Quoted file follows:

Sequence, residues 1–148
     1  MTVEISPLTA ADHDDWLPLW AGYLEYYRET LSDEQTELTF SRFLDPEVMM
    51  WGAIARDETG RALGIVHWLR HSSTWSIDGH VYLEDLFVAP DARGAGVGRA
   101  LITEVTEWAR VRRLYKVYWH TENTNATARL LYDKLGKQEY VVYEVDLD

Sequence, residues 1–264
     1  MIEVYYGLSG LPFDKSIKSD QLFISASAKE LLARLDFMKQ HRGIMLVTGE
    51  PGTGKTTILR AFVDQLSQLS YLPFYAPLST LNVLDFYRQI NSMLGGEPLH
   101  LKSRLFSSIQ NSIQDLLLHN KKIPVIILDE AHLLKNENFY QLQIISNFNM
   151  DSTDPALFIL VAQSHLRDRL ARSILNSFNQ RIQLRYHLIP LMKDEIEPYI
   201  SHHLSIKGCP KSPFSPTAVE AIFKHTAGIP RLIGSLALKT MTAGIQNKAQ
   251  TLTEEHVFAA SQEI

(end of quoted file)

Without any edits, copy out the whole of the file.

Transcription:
Sequence, residues 1–148
     1  MTVEISPLTA ADHDDWLPLW AGYLEYYRET LSDEQTELTF SRFLDPEVMM
    51  WGAIARDETG RALGIVHWLR HSSTWSIDGH VYLEDLFVAP DARGAGVGRA
   101  LITEVTEWAR VRRLYKVYWH TENTNATARL LYDKLGKQEY VVYEVDLD

Sequence, residues 1–264
     1  MIEVYYGLSG LPFDKSIKSD QLFISASAKE LLARLDFMKQ HRGIMLVTGE
    51  PGTGKTTILR AFVDQLSQLS YLPFYAPLST LNVLDFYRQI NSMLGGEPLH
   101  LKSRLFSSIQ NSIQDLLLHN KKIPVIILDE AHLLKNENFY QLQIISNFNM
   151  DSTDPALFIL VAQSHLRDRL ARSILNSFNQ RIQLRYHLIP LMKDEIEPYI
   201  SHHLSIKGCP KSPFSPTAVE AIFKHTAGIP RLIGSLALKT MTAGIQNKAQ
   251  TLTEEHVFAA SQEI